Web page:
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Image via Facebook

Facebook knows video is king — with video now embedded in your timeline, new live video-streaming options, and even support for 360 degree video. But that last category is what Facebook really wants to see grow, and to do that, the social network wants more people to be able to build their own 360-degree-shooting camera rigs.

A tripod can hold the Surround 360 as eye level for more immersive playback.
A tripod can hold the Surround 360 as eye level for more immersive playback. Image via Facebook.

At the social network’s F8 developer conference today, the company unveiled plans for its Surround 360 camera. The social network will provide open source plans for the camera and the code to convert that footage into seamlessly stitched panoramic footage.

The company is open-sourcing the project to accelerate growth in the 360-degree video space. Along with more 360-degree videos in your news feed, Facebook hopes content creators will leverage the device to build content for Oculus virtual reality machines. Facebook purchased the Rift maker in 2014 for $2 billion, but is also partnered with Samsung for the Gear VR.

The Surround 360 camera consists of 14 cameras arranged in a ring with overlapping fields of view, along with another wider-angle fisheye lens camera on the top and two more on the bottom for a full sphere of coverage.

The spacing of the cameras, and the overlap between them, allows for 3D rendered footage, a must for the Oculus Rift and Gear VR headsets that Facebook wants the content to show up on.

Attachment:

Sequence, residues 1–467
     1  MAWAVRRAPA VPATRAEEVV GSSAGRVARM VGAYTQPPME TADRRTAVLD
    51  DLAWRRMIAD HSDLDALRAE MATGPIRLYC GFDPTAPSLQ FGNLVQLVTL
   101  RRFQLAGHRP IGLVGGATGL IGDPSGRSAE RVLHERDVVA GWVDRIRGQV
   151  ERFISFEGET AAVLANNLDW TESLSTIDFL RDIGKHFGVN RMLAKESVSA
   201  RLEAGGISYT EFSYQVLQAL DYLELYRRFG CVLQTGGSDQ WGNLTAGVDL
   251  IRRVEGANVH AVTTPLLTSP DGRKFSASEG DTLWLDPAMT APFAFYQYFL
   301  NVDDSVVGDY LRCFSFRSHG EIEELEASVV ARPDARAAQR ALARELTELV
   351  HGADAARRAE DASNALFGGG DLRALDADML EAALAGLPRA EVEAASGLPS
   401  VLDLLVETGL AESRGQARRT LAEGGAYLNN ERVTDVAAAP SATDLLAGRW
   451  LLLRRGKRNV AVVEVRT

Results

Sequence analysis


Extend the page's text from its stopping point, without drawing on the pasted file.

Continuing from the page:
The Surround 360 with its top off.
The Surround 360 with its top off. Image via Facebook.

The cameras sit in an aluminum chassis for rigid construction that doesn’t overheat. The metal structure was needed to allow for precise alignment of the cameras, but shooting for long periods can get hot. Aluminum allows the cameras to dissipate that heat for longer takes.

On the software side, Facebook’s open-source code converts the videos to standard 360-degree videos (like the ones you see in your news feed) or stereoscopic movies for playback in virtual reality headsets.

Output is available in 4K, 6K and 8K for each eye, the latter of which is double industry standard. However, Facebook’s streaming tech can still allow those videos to run on the Gear VR.

While Facebook’s rig looks impressive, the company is a little late to the game. Google open-sourced its GoPro-powered 360-degree rig last year. And Samsung announced a consumer-focused handheld rig earlier this year at the Mobile World Conference, which follows the Ricoh Theta that debuted in early 2015.

Facebook will release the hardware design and code on GitHub this summer. The company’s prototype models were built for about $30,000, but costs could come down with dedicated manufacturing lines.

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